Jon V.: In terms of curriculum, in the Online MBA program you’ll see some foundational courses if you are a student who has not done a lot of business education before. If you are coming in with some business coursework or an undergraduate business degree, you might not need those. There are concentrations in the program as well. These relate to different elective classes that you can take, but you do have the option to orient or concentrate your MBA in one of four areas. There are concentrations in finance, marketing, international business, and hospitality and business management. The rationale there is the MBA can be a very broad degree. So if you do opt for one of those concentrations, you have an additional credential, a parallel graduate level certificate that can really, really help you stand out. Then of course, the emphasis in the executive MBA program really centers on leadership.
Jon V.: The tuition of the program then, in the Online MBA program we are at $732 per credit hour. Tuition in the executive MBA program, $1,264 per credit hour. Of course, regardless of which program you apply to, all of our military students are entitled to an application fee waiver.
Jon V.: The GMAT waiver is a popular question that arises. A lot of our students will sit for the GMAT as part of their application. If you are thinking about a GMAT, the average successful candidate, their score is around 550. But GMAT waiver options are available to those exceptionally qualified students. So any student who is coming in with a graduate or professional degree already, if you are a person with five years of work experience and a GPA above 3.0, if you hold an undergraduate STEM degree with a grade point average above 3.0, a business degree above 3.0 from an AACSB-accredited institution, or if you are a student with 10 or more years of work experience and a GPA above 2.79, those are all things that would allow you to qualify to request a GMAT waiver. Those are reviewed individually by our program director. So it is a little bit case-by-case. But if you chat with one of our enrollment advisors here, they can certainly give you some guidance on making the strongest GMAT waiver case possible.
Jon V.: Moving on now to the legacy of the MBA program. I do want to send this now over to Matt Beer, who can share just a little bit more about the legacy of the program as it relates to military and veteran affairs.
Matt B.: Sure. Thanks, Jon. I want to jump into this. If you have any questions on this and the nuts and bolts of the program, please feel free to put those in the question there, and we can answer those as we go or at the very end.
Matt B.: I do want to start with talking about our legacy. Our college namesake for the Carson College of Business is Scott Carson. Both of these are pictures of him. The first one is Scott in Thailand during the Vietnam War. Scott came to Washington State many years ago on the GI Bill. He is passionate about our student veterans, and he’s passionate about Washington State. So this is a big inspiration for us. This is where we draw on our values. I just want to share that with you, because it’s important to know that we stand by Scott’s vision for our student veterans.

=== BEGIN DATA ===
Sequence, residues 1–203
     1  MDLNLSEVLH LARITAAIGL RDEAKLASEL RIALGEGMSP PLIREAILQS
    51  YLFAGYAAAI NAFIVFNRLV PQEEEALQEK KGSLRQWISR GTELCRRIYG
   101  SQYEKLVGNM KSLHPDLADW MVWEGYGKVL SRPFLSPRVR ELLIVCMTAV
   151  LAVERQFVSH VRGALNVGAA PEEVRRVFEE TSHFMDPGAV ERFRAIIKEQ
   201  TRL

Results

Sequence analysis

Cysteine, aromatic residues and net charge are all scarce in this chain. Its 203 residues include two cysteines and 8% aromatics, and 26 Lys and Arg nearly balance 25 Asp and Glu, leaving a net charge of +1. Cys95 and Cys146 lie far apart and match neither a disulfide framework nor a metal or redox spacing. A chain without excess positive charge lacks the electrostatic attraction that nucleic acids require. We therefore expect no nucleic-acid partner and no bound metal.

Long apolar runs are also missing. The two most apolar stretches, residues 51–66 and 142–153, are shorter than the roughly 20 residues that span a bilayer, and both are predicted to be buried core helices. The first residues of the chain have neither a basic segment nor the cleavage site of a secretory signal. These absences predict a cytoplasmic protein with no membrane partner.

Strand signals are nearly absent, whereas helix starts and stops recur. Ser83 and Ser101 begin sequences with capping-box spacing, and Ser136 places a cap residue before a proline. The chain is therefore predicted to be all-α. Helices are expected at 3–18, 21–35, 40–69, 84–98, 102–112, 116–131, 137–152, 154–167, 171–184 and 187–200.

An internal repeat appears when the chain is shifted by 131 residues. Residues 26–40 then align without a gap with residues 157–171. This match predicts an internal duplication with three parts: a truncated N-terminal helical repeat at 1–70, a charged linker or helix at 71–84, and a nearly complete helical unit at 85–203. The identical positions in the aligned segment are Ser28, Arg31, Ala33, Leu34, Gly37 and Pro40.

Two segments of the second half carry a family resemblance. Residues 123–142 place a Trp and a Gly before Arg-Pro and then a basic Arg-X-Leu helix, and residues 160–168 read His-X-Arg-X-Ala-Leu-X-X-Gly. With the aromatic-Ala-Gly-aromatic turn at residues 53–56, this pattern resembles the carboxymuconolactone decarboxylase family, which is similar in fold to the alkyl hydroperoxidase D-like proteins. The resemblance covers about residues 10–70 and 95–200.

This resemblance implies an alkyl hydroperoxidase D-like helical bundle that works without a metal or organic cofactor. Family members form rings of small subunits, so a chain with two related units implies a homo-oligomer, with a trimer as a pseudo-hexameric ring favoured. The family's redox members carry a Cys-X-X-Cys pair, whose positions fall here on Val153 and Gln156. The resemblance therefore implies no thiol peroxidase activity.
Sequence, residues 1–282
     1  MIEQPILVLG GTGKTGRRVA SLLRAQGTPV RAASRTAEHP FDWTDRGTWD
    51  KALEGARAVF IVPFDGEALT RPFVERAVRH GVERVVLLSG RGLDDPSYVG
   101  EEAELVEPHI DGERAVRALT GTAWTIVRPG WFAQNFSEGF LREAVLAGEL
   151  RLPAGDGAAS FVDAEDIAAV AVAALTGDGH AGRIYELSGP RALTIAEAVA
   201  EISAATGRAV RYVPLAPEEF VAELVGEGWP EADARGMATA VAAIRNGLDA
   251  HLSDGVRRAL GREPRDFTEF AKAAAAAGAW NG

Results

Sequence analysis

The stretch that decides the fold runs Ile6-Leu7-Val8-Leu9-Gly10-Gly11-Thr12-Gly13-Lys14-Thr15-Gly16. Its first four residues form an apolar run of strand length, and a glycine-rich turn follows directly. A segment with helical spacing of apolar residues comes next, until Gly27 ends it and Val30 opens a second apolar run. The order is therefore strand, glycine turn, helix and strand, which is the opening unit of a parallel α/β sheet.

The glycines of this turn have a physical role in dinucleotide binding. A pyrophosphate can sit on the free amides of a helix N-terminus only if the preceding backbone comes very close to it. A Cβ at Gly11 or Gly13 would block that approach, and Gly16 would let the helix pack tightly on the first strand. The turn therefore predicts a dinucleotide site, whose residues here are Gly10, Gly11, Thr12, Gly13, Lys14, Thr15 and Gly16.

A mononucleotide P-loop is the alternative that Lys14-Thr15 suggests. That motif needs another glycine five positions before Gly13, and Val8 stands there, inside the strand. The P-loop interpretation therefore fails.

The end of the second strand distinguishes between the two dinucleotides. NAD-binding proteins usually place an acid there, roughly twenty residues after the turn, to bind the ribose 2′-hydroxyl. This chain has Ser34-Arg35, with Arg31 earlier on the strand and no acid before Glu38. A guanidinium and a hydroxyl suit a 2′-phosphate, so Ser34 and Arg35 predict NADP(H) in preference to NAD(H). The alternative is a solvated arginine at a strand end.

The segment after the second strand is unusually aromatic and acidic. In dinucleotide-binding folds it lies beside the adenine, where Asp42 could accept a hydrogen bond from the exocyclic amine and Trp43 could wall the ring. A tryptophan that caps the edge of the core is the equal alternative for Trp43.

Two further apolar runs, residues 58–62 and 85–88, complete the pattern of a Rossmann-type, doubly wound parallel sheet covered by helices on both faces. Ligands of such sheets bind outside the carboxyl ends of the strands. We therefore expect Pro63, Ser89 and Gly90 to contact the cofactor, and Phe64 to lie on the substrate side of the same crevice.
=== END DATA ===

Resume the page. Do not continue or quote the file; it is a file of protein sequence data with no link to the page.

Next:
Matt B.: A little bit about our student veterans, the population. Our MBA and EMBA cohorts are comprised, again, of students from all over the world. But about 15% are what we call student veterans. That’s active duty guard, reserve, or their spouses. The heat map there on the right, we got to update that a little bit, because it’s a lot more pink and red on there than there was last time we did it. But we have students all over the globe, quite frankly, and we do have a large concentration in Washington and California. But honestly, like I said, there’s people from everywhere. We have students in Germany. We have students out in Japan, and everywhere in between. In the bottom chart there, you’ll see, this is a snapshot of where they are in terms of experience level. Obviously, our EMBA students are going to be farther toward the right end of that in terms of their either military experience or their civilian experience. Then we do have a lot of young junior military officers. We do have some senior enlisted folks, and about 40% of our MBA, I would say, are in that transition period. So they’re plus or minus four or five years from leaving the military, whether that means their junior military officer, or whether that means they’re finishing up their careers. There is a broad range of experience levels, but there is an interesting concentration there right around that departure from service.
Matt B.: Another way to look at our veterans, I want to give you an example. On the left you see our Online MBA. Again, about 15%, four or five years plus or minus from leaving service. About 13% are female. Again, there is a pretty large number here in Washington State. The graduation rate is 71%. I think it’s about four or five points below our civilian population. That’s one of our students there, Heather [Bree 00:00:11:56]. She’s awesome. She’s a junior military officer down in San Diego, currently stationed on USS Zumwalt. On the right side, you’ll see an example of our Executive MBA. About 10%, so a little smaller. About one year is average time plus or minus transition. Smaller number of females. Again, they’re concentrated on the West Coast. The graduation rate for that group is 97, which is significantly higher than their civilian counterparts for some reason. This is Shane Sullivan. He actually just finished his EMBA. He’s living and working up here in Spokane, Washington as an operations manager for a firefighting company up in Spokane, Washington. So that’s a little bit, again, about our cohorts and what they look like.